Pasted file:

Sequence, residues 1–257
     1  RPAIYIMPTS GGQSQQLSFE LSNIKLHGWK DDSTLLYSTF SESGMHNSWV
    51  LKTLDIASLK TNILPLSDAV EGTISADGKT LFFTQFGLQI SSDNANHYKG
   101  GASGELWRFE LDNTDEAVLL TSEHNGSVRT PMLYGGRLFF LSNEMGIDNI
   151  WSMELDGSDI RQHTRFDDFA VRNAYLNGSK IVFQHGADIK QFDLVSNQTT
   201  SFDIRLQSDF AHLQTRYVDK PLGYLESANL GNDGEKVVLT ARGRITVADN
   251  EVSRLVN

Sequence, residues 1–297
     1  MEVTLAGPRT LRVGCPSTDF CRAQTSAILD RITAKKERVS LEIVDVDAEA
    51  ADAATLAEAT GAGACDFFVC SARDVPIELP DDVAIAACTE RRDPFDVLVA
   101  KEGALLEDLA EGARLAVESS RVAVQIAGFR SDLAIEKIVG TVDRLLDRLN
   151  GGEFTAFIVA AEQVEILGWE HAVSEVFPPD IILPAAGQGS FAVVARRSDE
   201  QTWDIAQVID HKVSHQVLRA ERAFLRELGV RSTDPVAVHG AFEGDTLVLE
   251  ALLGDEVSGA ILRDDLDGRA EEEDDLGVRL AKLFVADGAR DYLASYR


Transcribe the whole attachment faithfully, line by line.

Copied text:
Sequence, residues 1–257
     1  RPAIYIMPTS GGQSQQLSFE LSNIKLHGWK DDSTLLYSTF SESGMHNSWV
    51  LKTLDIASLK TNILPLSDAV EGTISADGKT LFFTQFGLQI SSDNANHYKG
   101  GASGELWRFE LDNTDEAVLL TSEHNGSVRT PMLYGGRLFF LSNEMGIDNI
   151  WSMELDGSDI RQHTRFDDFA VRNAYLNGSK IVFQHGADIK QFDLVSNQTT
   201  SFDIRLQSDF AHLQTRYVDK PLGYLESANL GNDGEKVVLT ARGRITVADN
   251  EVSRLVN

Sequence, residues 1–297
     1  MEVTLAGPRT LRVGCPSTDF CRAQTSAILD RITAKKERVS LEIVDVDAEA
    51  ADAATLAEAT GAGACDFFVC SARDVPIELP DDVAIAACTE RRDPFDVLVA
   101  KEGALLEDLA EGARLAVESS RVAVQIAGFR SDLAIEKIVG TVDRLLDRLN
   151  GGEFTAFIVA AEQVEILGWE HAVSEVFPPD IILPAAGQGS FAVVARRSDE
   201  QTWDIAQVID HKVSHQVLRA ERAFLRELGV RSTDPVAVHG AFEGDTLVLE
   251  ALLGDEVSGA ILRDDLDGRA EEEDDLGVRL AKLFVADGAR DYLASYR